Beethoven
Piano Concerto No.3 in C minor, Op.37
Nielsen
Flute Concerto, FS119
Sibelius
Symphony No.3 in C, Op.52

Radu Lupu (piano)

Vincent Lucas (flute)

Orchestre de Paris
Paavo Järvi

Radu Lupu
Photograph: www.opus3artists.com Half a century ago, near enough, Radu Lupu won Leeds with Beethoven's Third Piano Concerto. I remember it well, it gripped the night, the imagination, our fantasies. William Mann, doyen of a generation, wrote of the occasion as “an unbroken joy, grand, poetic, a vivid almost spectacular music-drama.” I wonder what the august jury that September hour – Bachauer, Curzon, Magaloff, Moravec, Siki, Vlasenko, others – would have made of this Paris performance?

Certainly I found it necessary to go back to his early LSO recording with Lawrence Foster to remind myself of the visionary master, the fiery Moscow-honed Rumanian temperament than once was. What Lupu was trying to convey, if anything, escaped me. Listening eyes closed, here was tired, disinterested, under-projected playing, dynamically rarely above mezzo forte, wanting in direction, rhythmic tension, and clarity of fingerwork. True, there were flashes of detail – the odd left-hand emphasis, some whispered phrase endings – but for much of the time one had the disconcerting impression of a piano being tried out in rehearsal, of careless co-ordination and slipshod technique, of largo chords lazily rolled that ought to have been (once were) together, of a man going through the motions.

Paavo Järvi
Photograph: Kaupo Kikkas Even the theatre of the cadenza (Beethoven's) sounded bored. His customary platform manner – reclining back on an orchestra chair, arms folded, reluctant to expend even a modicum of energy – seemed more static than usual, bringing no obvious benefits. Beethoven's C-minor was the first great Concerto of the 19th-century. And in High Romantic Paris it inspired the most outlandish, revolutionary cadenza ever written – Alkan's. You'd never have guessed it from this reading. Overall Paavo Järvi did a sterling support job, endeavouring to lift the music at any tutti opportunity. But the number of times he had to restrain his players (less than happy in their body language) was noticeable. Lupu’s encore – the slow movement of Mozart's K330 Sonata – fared mildly better, despite the Steinway responding unevenly to his smoky way.

The second half found the orchestra in richer voice and the audience relaxed rather than uneasy. Carl Nielsen's Flute Concerto, premiered in Paris ninety years ago, has plenty of tricky corners and structural question-marks to negotiate. Vincent Lucas, the distinguished first flute of the Orchestre de Paris, got off to a nervous start but, once under way, rose to the challenge. The many ensemble exchanges worked well. And there was plenty of lyrical input and warm blending (the end of the first movement, for example). Järvi, who understands his Nielsen, made good sense of the piece, without unduly forcing the syntax or hardening the rhythm.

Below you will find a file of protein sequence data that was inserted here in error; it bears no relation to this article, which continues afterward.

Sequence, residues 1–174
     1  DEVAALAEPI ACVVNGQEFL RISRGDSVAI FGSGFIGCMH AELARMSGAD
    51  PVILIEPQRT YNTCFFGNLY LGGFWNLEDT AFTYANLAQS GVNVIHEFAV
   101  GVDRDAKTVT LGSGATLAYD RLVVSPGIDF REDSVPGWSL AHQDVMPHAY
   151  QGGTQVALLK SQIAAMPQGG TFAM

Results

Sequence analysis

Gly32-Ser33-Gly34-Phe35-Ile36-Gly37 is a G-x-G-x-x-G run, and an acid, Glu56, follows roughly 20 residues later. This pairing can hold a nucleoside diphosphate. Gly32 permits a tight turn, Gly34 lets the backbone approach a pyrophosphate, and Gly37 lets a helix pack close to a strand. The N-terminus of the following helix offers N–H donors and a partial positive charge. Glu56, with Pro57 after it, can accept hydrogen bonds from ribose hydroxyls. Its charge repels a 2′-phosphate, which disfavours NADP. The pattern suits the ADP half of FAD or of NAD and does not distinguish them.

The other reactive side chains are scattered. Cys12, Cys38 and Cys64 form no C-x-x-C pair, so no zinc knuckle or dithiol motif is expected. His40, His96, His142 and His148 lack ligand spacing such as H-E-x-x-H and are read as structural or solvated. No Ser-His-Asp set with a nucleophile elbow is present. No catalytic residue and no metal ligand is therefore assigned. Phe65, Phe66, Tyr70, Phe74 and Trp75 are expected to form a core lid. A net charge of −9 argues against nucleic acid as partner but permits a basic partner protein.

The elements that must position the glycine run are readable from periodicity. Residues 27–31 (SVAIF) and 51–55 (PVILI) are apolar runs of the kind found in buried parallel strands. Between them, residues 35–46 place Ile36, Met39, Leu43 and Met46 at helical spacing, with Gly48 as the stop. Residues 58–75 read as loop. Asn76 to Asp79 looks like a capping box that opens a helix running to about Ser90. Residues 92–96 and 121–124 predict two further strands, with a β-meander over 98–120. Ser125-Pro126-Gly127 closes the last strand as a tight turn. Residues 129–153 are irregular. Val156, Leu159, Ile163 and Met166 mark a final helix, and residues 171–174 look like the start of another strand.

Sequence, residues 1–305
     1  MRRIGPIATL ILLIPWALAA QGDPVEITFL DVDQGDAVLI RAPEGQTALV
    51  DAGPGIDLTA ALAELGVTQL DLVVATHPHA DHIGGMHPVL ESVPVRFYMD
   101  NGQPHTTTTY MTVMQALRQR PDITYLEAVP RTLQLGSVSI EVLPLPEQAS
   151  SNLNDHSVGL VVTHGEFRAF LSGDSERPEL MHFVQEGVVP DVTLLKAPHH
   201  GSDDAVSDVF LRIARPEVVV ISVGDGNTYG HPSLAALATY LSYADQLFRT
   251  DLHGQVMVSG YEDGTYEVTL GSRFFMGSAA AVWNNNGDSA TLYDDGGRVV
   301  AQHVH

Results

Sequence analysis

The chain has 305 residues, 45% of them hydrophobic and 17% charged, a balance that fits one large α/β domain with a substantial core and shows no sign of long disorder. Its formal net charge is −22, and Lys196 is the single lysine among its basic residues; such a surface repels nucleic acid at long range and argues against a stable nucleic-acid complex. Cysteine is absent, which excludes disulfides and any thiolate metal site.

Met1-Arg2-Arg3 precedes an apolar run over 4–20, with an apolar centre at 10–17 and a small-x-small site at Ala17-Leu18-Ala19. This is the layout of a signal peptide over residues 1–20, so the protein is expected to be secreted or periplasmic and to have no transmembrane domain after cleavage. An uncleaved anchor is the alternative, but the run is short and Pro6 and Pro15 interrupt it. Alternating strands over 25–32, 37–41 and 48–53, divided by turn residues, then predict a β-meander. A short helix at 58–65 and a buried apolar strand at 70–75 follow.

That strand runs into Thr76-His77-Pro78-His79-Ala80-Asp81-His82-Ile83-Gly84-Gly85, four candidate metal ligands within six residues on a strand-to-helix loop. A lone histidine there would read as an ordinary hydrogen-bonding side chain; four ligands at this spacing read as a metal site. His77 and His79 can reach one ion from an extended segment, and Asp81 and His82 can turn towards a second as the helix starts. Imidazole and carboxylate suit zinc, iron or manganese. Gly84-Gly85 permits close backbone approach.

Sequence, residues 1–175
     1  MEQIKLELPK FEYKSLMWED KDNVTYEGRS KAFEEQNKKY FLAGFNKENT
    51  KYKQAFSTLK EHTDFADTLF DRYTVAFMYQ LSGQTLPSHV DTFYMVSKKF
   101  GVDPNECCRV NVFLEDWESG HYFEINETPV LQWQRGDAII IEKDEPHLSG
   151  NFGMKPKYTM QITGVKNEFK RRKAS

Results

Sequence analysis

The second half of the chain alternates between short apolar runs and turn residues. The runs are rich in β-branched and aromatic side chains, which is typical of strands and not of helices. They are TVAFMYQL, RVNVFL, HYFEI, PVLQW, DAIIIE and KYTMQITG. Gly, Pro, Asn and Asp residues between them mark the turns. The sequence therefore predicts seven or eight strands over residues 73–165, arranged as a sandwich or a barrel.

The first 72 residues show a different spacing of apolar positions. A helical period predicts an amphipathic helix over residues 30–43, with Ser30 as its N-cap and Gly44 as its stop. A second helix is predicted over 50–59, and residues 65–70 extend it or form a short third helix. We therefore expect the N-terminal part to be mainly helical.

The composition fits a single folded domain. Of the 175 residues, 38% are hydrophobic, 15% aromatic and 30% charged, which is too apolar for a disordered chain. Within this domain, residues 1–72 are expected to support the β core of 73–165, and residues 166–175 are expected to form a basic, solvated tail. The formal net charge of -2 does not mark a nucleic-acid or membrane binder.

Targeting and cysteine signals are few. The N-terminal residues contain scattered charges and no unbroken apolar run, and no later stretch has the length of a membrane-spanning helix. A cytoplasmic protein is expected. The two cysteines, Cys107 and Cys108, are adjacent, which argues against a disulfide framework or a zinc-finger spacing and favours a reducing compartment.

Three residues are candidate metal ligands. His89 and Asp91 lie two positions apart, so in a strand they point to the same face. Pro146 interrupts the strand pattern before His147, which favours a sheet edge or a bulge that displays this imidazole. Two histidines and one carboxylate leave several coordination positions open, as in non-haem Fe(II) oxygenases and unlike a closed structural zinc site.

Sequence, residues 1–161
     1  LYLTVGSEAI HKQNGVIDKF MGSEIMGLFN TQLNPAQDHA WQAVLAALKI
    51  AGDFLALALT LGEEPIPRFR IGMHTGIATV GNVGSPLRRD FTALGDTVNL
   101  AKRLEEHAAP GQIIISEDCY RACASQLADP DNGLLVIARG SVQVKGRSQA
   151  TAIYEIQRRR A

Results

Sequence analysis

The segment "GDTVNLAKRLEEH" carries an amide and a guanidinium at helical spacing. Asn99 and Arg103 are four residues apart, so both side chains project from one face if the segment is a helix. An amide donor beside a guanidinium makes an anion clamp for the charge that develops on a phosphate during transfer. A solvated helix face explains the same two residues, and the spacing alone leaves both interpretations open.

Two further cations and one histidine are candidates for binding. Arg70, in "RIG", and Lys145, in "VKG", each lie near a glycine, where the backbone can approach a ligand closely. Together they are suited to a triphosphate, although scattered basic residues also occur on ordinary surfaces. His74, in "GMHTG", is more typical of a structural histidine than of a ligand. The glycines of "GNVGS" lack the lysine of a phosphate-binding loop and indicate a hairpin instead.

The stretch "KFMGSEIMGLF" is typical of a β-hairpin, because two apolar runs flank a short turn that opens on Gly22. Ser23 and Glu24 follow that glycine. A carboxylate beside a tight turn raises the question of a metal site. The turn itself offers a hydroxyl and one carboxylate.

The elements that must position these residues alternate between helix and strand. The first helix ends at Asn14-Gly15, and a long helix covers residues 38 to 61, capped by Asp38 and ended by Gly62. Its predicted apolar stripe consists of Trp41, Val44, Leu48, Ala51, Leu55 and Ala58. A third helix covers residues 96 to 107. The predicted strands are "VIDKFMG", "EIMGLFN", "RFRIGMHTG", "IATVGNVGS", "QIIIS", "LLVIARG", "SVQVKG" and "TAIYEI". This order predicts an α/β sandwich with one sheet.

Recordings of Sibelius's Third Symphony too often lull one into a false sense of security – an easy 'little' classical number, Beethoven 8 style, that just plays itself. Järvi's burnished full-strength performance, framed within the airy, appealingly clear, bass-responsive acoustic of the Paris Philharmonie (a place I increasingly like), showed us the reality. As danger works go, the Third is a minefield, an unforgiving jigsaw pitted with solo and group traps, disjointed fragments of melody, and pages of seeming chaos going nowhere. The eventual C-major catharsis of the outer movements is not easily won.

Järvi, favouring old/modern brisk tempos in preference to a graver approach, steered an impeccably clear path through the maze. The Orchestre de Paris boasts a sterling string section: the involved rhythmic bite of the cellos, double basses and violas (right of conductor) gripped the attention unfailingly, likewise their emphatic lower-end colouration, every attack, harmony and drone rasping through the hall like so many ancestral voices.

In the pageant of the slow movement, the woodwinds (minimal vibrato) brought a cold Asgardian beauty to the proceedings. The brass throughout had bronzed moments. And everywhere Sibelius's attention to the kettle-drums was balanced with purpose and drama. By the end you felt you'd been on an epic, magnificent journey, a virtuoso account of the first order.

 

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